Brakes: Best Equipment, Still Have Wooden Feel

The brakes on the old bike were felt to be a bit wooden for the performance, even if they worked well enough. The 2021 model is fitted with Brembo Stylema calipers, as found on the Ducati Panigale V4 but still feel a bit wooden. It is assumed that this is down to the brake-by-wire system than the actual brakes themselves. In conjunction with the back brake, however, speed is washed away with ease and with no panic.

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1340cc Four Cylinder
190bhp and 110.6 lb ft

One area where the old ‘Busa was looking distinctly old-fashioned was in the electronics department. It might have been introduced at the dawn of such systems but Suzuki steadfastly kept it as analogue as possible for what some see as far too long. With the new model, this has been addressed very effectively.

The bike is now equipped with SDMS-a (Suzuki Drive Mode Selector Alpha) which gives three pre-set and three customisable riding modes. These offer variable power modes, traction control settings, anti-wheelie control, engine braking control and an up and down quick shifter. These can all be selected on the fly. Also fitted is cornering ABS, hill-cold control and cruise control, with an upper speed limit of 125mph.

Strap Yourself On

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Impressive Dynamics
Straight line speed prodigious, surprises in the twisties

You can’t sit on the Hayabusa without feeling as if you have just strapped yourself to a very large missile. There is nothing subtle about the bike and the size just reinforces that impression. Thumbing the starter button gives no idea that you are aboard such a missile. The engine note is subdued through the enormous exhaust mufflers and everything is smooth and unintrusive. That only flatters to deceive, however. Setting off, the relentless urge of that large-displacement (1340cc) is arm-snapping. It’s just as well that the riding position has you forward-prone as the natural instinct is to lean into the acceleration.

It just never seems to stop accelerating. It’s not manic, but so quickly you are travelling at warp speed. So stable is it, thanks to the aerodynamics, that you are fooled into thinking you are not going that fast, until you look at the attractive analogue speedometer and realise that your licence is at risk. It all seems so effortless and deeply impressive.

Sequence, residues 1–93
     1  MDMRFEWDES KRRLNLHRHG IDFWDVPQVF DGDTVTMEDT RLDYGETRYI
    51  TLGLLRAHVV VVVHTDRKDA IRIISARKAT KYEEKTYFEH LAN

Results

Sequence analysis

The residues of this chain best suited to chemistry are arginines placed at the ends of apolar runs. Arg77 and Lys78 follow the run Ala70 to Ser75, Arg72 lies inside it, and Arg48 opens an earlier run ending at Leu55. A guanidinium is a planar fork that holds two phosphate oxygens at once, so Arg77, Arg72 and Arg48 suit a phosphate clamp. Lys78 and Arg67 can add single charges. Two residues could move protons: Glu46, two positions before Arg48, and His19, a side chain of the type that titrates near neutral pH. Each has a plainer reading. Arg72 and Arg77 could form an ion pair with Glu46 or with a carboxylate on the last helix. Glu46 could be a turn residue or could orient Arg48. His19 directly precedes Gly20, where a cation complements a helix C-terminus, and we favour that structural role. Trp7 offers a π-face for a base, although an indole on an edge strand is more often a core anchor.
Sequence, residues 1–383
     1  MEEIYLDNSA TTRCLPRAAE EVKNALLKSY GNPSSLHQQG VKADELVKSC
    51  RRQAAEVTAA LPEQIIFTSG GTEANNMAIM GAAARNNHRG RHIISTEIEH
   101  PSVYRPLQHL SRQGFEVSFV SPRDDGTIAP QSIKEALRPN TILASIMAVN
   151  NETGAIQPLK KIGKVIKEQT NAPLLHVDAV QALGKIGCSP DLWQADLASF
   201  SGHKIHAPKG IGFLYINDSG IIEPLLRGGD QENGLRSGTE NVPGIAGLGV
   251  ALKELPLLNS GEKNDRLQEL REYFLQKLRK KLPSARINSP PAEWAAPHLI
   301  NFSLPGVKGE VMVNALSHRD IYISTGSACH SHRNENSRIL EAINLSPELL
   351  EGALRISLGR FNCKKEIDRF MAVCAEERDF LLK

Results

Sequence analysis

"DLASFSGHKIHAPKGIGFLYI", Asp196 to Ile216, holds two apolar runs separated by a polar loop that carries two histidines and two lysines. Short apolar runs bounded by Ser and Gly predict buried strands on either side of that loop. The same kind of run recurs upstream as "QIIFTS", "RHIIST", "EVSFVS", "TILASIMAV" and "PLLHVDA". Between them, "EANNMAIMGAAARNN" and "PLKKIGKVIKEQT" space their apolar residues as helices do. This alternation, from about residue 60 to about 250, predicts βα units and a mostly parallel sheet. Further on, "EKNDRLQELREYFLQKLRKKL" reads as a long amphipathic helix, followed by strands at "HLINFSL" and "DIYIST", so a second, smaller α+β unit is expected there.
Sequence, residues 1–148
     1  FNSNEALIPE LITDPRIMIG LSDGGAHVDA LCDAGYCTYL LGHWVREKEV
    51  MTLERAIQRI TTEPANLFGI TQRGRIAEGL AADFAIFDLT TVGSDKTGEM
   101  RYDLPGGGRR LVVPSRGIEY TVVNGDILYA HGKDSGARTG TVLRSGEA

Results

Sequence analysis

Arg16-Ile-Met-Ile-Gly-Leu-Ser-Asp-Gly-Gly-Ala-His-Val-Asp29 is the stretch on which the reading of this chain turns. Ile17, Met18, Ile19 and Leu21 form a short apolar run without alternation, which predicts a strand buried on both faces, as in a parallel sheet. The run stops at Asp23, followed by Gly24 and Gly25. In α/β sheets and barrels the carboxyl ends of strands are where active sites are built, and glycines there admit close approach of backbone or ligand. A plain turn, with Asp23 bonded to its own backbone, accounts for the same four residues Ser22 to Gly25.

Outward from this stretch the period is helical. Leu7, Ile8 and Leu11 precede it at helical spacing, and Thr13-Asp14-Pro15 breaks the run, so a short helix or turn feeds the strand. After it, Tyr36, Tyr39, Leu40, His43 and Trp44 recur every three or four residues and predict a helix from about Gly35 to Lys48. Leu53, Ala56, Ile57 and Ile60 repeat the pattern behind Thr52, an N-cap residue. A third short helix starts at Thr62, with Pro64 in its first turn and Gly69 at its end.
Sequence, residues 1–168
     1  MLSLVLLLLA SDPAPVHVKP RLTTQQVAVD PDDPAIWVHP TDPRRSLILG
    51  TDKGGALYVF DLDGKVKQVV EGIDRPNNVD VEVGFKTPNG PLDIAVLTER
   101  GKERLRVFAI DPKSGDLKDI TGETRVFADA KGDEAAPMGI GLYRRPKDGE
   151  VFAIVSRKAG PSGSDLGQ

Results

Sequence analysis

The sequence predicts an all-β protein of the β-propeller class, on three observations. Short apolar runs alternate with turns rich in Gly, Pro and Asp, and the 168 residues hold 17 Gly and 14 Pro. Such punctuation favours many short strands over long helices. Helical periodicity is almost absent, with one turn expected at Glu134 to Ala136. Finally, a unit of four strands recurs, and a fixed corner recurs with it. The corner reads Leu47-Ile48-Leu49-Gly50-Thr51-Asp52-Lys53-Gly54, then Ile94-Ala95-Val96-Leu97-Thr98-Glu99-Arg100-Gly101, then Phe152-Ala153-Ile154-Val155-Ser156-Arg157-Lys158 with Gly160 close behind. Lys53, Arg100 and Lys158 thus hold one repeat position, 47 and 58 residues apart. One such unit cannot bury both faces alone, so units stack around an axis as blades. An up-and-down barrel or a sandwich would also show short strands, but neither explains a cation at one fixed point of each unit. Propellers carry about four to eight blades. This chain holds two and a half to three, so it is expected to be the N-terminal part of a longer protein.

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Chassis Unchanged
It was good already, so why mess with it

The riding position, while we’re on about it, isn’t particularly comfortable, especially if you’re of tall stature. The ‘bars have been raised by a centimetre and pulled back around three centimetres so it’s not quite so much of a reach but there is still a lot of weight on the wrists. The seat-to-foot-peg dimension gives rise to a pretty cramped leg position that can get very uncomfortable after a while. Given that it is such a large bike, it is surprising that more room could not be found for the rider.

You get the impression that, unless you are Mr Universe, you’ll struggle to manhandle it through corners. But it is incredibly light on its feet. Yes, it needs
a firm push (or pull) on the ‘bars, but it tracks perfectly with no more effort than you would need on an adventure bike with its wide ‘bars. The aerodynamics might be tuned for straight line stability but they are just as effective in conjunction with the suspension in the corners.

Super Fast, But Super Docile

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KYB Suspension
Gives remarkable ride quality without sacrificing agility

In spite of the available performance, it never feels anything other than docile at any speed. It’s not a thoroughbred straining at the reins to be unleashed unless you want it to be. It handles low speeds as smoothly as it handles high speed and you get the impression it would be happy to potter around all day at quarter throttle, in fifth or sixth gear without snatching. Of course, to subject it to this treatment is to deny it its purpose but it’s good to know it can handle it without complaint.

I’ve let the subject of the looks until last because, for many, this is the most controversial aspect of the ‘Busa. While the outgoing model was all swoops and 1990s curves, the new bike is sharp and crisp and, to my mind, looks absolutely beautiful, especially in the black and gold colour scheme. It’s brought the concept right up to date and, while it hasn’t entirely disguised the bulk of the bike, it has made it less noticeable (unless you are sitting on it, of course).

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Yellow Metal
No substitute for cubic inches

In conclusion, the new Hayabusa is a continuation of the solid engineering that is a hallmark of any Suzuki, combined with deeply impressive performance and chassis dynamics, now with the electronics it deserves (and needs!). The golden age of the Hyperbike might be over, with Suzuki the only player left on the field, but thank goodness there is still one example left for us to play with. After a blast on a Hayabusa, life is never quite the same again. Long may it remain in production.

Harry Fisher
Harry Fisher
Motorcycling Contributor
Born and raised in England, he has lived in South Africa with his family since 2002. Harry has owned examples of Triumph, Norton, BSA, MV Agusta, Honda, BMW, Ducati, Harley Davidson, Kawasaki and Moto Morini motorcycles. He regrets selling all of them.  Read full bio